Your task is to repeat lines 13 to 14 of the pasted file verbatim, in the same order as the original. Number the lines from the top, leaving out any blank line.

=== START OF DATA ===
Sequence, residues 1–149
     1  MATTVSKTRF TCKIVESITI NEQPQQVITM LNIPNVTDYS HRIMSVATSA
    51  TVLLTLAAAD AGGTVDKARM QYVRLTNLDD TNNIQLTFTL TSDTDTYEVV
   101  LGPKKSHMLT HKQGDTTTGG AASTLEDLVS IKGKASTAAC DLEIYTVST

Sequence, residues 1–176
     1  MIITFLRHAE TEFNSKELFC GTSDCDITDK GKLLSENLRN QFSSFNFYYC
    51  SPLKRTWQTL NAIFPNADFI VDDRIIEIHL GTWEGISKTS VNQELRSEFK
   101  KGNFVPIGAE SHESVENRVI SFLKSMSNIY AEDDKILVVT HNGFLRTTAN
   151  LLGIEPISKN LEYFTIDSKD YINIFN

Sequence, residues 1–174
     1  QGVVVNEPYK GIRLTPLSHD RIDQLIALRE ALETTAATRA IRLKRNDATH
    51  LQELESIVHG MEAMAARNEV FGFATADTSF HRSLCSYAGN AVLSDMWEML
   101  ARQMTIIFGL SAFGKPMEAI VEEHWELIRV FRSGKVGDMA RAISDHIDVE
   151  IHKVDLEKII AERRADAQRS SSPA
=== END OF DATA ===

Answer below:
   101  ARQMTIIFGL SAFGKPMEAI VEEHWELIRV FRSGKVGDMA RAISDHIDVE
   151  IHKVDLEKII AERRADAQRS SSPA